Feeling the Squeeze
Date: June 7, 2013
Medical interns spend just 12 percent of their time examining and talking with patients, and more than 40 percent of their time behind a computer, according to a new Johns Hopkins study that closely followed first-year residents at Hopkins Hospital and the University of Maryland Medical Center. Indeed, the study found, interns spent nearly as much time walking (7 percent) as they did caring for patients at the bedside.
Comparing similar time-tracking studies done before 2003, when hospitals were first required to limit the number of consecutive working hours for trainees, the researchers found that today’s interns spend significantly less time in direct contact with patients. Changes to the 2003 rules limited interns to no more than 30 consecutive hours on duty, and further restrictions in 2011 allow them to work only 16 hours in a row.
“One of the most important learning opportunities in residency is direct interaction with patients,” says Lauren Block, a clinical fellow in general internal medicine at Johns Hopkins School of Medicine and leader of the study published online in the Journal of General Internal Medicine. “Spending an average of eight minutes a day with each patient just doesn’t seem like enough time to me.”
“Most of us went into medicine because we love spending time with the patients. Our systems have squeezed this out of medical training,” says Leonard Feldman, the study’s senior author and a hospitalist at Hopkins Hospital.
For the study, trained observers followed 29 internal medicine interns at Hopkins Hospital and the University of Maryland Medical Center for three weeks during January 2012, for a total of 873 hours. The observers used an iPod Touch app to mark down what the interns were doing at every minute of their shifts. If they were multitasking, the observers were told to count the activity most closely related to direct patient care.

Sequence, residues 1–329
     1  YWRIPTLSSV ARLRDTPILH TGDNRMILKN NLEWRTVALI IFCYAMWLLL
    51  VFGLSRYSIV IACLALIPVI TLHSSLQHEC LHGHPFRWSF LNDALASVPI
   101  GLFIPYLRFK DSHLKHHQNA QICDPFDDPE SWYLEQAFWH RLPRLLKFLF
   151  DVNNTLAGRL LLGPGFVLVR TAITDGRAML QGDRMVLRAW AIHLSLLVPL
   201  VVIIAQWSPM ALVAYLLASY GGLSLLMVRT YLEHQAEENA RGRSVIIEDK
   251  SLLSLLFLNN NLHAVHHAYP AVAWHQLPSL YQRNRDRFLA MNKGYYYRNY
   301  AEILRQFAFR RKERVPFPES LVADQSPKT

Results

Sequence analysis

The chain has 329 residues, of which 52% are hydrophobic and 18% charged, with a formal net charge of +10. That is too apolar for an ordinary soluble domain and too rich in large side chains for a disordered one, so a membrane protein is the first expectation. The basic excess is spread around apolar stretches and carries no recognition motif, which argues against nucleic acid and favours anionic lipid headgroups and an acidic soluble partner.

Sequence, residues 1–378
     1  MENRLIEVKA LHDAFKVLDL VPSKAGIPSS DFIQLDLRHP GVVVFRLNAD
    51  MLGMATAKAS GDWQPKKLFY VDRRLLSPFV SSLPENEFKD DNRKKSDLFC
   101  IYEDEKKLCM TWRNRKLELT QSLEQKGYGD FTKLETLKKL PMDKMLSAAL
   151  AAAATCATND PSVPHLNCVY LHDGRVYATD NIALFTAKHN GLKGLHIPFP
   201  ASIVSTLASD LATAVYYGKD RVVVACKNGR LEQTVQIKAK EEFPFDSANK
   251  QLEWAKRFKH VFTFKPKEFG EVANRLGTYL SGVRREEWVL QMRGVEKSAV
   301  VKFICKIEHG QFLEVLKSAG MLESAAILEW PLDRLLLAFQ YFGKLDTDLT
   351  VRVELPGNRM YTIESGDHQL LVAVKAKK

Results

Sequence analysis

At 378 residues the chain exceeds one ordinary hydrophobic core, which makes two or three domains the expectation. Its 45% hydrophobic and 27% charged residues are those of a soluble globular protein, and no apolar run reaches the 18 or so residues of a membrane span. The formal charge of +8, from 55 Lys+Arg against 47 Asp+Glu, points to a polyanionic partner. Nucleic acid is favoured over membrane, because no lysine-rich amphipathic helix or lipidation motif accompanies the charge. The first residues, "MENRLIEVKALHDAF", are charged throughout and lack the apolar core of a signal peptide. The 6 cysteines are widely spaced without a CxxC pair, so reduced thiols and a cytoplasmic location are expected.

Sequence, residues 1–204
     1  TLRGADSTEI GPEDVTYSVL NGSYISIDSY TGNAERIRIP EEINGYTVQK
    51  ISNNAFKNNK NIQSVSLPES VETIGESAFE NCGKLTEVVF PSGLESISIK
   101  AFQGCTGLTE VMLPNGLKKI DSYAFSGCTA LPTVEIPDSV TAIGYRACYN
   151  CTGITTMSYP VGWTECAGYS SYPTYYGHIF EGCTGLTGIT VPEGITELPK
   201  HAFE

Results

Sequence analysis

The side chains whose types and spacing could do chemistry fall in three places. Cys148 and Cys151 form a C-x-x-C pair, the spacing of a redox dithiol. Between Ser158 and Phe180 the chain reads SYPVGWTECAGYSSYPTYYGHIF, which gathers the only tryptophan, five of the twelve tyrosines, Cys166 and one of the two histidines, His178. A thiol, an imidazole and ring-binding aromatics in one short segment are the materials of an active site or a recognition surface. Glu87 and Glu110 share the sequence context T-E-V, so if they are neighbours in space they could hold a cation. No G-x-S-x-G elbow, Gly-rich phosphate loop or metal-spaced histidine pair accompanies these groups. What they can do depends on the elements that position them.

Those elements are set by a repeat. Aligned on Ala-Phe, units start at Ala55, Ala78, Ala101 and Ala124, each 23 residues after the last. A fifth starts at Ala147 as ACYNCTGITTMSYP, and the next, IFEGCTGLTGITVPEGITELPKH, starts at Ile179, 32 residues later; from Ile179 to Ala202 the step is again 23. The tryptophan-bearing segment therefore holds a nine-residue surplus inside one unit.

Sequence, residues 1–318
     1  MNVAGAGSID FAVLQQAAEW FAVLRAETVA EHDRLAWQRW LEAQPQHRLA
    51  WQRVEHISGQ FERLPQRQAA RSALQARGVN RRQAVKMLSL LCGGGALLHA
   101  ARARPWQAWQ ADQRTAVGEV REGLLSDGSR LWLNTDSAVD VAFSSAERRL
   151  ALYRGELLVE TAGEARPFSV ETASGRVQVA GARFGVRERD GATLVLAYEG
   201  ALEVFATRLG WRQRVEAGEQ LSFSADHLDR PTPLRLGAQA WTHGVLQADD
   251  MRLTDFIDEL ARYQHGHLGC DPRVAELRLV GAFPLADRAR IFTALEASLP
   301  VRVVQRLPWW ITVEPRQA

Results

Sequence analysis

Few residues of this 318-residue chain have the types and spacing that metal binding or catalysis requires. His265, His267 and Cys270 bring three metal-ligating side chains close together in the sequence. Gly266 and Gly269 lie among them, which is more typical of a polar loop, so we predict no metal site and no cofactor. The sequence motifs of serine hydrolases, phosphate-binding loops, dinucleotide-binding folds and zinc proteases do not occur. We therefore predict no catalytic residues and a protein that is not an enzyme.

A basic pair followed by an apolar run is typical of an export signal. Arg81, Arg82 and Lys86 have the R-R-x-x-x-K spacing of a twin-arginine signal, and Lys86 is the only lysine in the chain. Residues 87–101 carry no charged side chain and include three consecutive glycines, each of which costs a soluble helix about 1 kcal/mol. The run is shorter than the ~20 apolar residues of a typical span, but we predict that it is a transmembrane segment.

The researchers found that interns spent 12 percent of their time talking with and examining patients; 64 percent on indirect patient care, such as placing orders, researching patient history and filling out electronic paperwork; 15 percent on educational activities, such as medical rounds; and 9 percent on miscellaneous activities.
Studies in 1989 and 1993 found that interns still spent more time documenting than seeing patients, but they spent between 18 and 22 percent of their time at the bedside. In those studies, however, researchers found that a large chunk of time was spent sleeping at the hospital, something rarely seen today. Reduced intern work hours were designed to lessen trainee fatigue and improve patient safety.
Feldman says questions raised by his study aren’t just about whether the patients are getting enough time with their doctors, but whether the time spent with patients is enough to give interns the experience they need to practice excellent medicine. With fewer hours spent in the hospital, protocols need to be put in place to ensure that vital parts of training aren’t lost, the researchers say.
“As residency changes, we need to find ways to preserve the patient-doctor relationship,” Block says. Stephanie Desmon